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Acneiform skin disorders: Pathology review

Transcript

At the dermatology clinic, 31-year-old Lauren presents complaining of frequent flushing, mainly on the cheeks, nose, and forehead, for the past five months.

She mentions that this seems to get worse after eating anything spicy or drinking alcohol.

On examination, there are visible small, superficial, dilated blood vessels around the nares, while no comedones are seen.

Based on the initial presentation, Lauren seems to have some form of acneiform skin disorder.

Okay, first, let’s talk about physiology real quick.

Normally, the skin is divided into three main layers, the epidermis, dermis, and hypodermis.

The hypodermis is made of fat and connective tissue that anchors the skin to the underlying muscle.

Above the hypodermis is the dermis, containing hair follicles, nerve endings, glands, blood and lymph vessels.

And above the dermis is the epidermis, which contains 5 layers of developing keratinocytes.

Keratinocytes start their life at the lowest layer of the epidermis, so the stratum basale or basal layer.

As keratinocytes in the stratum basale mature, they migrate into the next layers of the epidermis, called the stratum spinosum, stratum granulosum, stratum lucidum, and finally, the stratum corneum, which is the uppermost and thickest epidermal layer.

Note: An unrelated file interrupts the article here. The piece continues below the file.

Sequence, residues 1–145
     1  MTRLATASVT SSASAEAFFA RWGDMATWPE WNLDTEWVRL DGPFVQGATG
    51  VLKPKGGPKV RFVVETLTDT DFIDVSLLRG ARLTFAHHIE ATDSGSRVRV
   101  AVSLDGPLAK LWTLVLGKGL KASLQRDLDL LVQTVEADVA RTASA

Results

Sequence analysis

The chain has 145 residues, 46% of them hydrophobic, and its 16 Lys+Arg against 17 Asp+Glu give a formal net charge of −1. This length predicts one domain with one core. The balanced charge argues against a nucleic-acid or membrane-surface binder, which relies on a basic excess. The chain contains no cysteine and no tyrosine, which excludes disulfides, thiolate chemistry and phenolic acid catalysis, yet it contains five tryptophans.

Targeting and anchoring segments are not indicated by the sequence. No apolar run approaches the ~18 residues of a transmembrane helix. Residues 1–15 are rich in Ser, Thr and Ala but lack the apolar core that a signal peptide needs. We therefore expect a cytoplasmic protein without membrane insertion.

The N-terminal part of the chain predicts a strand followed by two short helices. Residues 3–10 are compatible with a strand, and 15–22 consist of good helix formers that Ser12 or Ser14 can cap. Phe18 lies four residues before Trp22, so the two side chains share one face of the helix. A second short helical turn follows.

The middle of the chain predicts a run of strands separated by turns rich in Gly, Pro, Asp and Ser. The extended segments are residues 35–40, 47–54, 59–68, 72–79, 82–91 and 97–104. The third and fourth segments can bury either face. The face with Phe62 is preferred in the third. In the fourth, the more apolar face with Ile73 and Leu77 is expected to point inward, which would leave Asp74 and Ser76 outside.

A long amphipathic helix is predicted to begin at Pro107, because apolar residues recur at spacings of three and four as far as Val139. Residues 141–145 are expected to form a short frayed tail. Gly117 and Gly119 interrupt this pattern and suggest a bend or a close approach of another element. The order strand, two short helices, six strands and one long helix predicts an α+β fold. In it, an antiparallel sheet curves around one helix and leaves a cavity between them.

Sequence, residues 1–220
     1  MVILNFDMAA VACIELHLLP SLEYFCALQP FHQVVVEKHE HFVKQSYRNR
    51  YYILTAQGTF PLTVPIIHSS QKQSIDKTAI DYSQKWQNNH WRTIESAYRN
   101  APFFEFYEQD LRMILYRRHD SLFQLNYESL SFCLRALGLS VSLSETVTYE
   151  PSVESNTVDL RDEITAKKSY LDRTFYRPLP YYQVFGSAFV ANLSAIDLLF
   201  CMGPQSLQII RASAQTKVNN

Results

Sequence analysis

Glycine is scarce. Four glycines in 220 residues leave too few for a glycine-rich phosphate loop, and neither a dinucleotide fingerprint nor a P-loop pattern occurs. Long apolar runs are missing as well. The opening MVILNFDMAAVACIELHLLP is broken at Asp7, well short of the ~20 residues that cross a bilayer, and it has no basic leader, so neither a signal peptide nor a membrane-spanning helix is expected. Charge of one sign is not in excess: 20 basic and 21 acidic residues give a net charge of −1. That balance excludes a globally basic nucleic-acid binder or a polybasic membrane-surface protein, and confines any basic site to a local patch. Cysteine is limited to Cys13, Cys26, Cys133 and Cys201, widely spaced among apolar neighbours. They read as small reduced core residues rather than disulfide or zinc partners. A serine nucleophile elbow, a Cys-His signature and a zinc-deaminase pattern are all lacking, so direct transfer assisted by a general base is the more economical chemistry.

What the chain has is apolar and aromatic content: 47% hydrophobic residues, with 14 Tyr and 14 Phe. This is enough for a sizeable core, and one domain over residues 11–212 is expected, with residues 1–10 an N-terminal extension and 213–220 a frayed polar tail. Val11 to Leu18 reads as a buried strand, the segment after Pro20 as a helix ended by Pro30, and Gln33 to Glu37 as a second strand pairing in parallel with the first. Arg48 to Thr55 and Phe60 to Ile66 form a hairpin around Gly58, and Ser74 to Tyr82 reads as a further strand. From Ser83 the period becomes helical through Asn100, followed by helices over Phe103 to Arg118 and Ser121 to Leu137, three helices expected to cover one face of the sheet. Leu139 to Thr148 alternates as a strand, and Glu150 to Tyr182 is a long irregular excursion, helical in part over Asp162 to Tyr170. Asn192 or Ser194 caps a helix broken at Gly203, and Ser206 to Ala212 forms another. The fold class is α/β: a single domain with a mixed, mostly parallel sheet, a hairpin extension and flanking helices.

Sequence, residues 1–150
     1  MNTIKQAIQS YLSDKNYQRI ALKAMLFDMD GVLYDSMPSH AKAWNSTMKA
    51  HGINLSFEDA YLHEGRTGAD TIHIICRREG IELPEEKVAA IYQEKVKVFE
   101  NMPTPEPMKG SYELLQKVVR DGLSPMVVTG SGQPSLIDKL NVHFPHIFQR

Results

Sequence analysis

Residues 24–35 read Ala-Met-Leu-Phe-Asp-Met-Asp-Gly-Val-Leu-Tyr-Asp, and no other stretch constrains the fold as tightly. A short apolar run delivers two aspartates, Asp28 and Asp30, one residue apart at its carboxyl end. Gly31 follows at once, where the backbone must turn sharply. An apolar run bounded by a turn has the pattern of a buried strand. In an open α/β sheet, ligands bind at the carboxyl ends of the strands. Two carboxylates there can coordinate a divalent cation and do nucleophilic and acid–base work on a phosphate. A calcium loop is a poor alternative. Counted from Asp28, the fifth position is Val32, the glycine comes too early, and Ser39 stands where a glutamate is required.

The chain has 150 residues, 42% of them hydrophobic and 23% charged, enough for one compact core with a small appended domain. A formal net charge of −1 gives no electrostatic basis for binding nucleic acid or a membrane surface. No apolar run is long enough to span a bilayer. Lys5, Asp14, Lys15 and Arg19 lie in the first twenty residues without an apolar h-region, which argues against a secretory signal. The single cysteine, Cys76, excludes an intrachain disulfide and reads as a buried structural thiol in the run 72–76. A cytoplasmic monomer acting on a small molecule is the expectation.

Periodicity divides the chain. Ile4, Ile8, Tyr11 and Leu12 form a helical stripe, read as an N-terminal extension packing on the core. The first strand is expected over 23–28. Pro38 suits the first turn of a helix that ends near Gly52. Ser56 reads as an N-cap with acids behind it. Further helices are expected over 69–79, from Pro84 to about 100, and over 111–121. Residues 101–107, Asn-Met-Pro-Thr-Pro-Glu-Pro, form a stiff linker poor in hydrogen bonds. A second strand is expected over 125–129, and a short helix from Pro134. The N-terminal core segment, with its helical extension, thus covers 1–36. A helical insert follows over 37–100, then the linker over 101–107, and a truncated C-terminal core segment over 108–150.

Before we dive into the various acneiform skin disorders, there are several high yield terms to describe skin lesions.

So, macules are flat, well circumcised lesions up to 1 centimeter in diameter, while patches are similar to a macule but are larger than 1 centimeter.

Papules are raised bumps that are up to 1 centimeter in diameter, while plaques are like papules but larger than 1 centimeter.

Finally, pustules are blisters filled with pus.

All right, onto acneiform skin disorders! Let’s begin with acne vulgaris, which is an extremely common and high yield skin disorder.

The cause of acne is not completely understood, but there are a few main factors that contribute to its formation.

First, when keratinocytes in hair follicles overproduce keratin, this may form keratin plugs which clog the opening of the hair follicle.

Second, sebaceous glands have androgen receptors, so if there’s increased androgen production like in puberty, there can also be increased sebum production as a response.

The extra sebum can contribute to clogging up the follicles.

Now, when there’s an excess in keratin plugs and sebum, they can start to fill up a hair follicle, but if part of the hair follicle still opens to the surface of the skin, then it’s called an open comedone, more commonly known as a blackhead.

Now, a third factor to consider in acne is bacteria, such as Propionibacterium or Cutibacterium acnes.

Normally, these bacteria don’t cause any problems, since they’re part of the normal skin flora.

But if the hair follicle gets completely plugged up, then bacteria are trapped, so they overgrow and this attracts immune cells.

The result of this mix of bacteria and immune cells is a pustule, where there’s white pus with surrounding red inflammation.

This is called a closed comedone, whitehead, or more commonly a pimple.

In even more severe cases, inflammation results in scarring, which creates firm lumps called nodules, as well as fluid-filled cavities in the skin called cysts.

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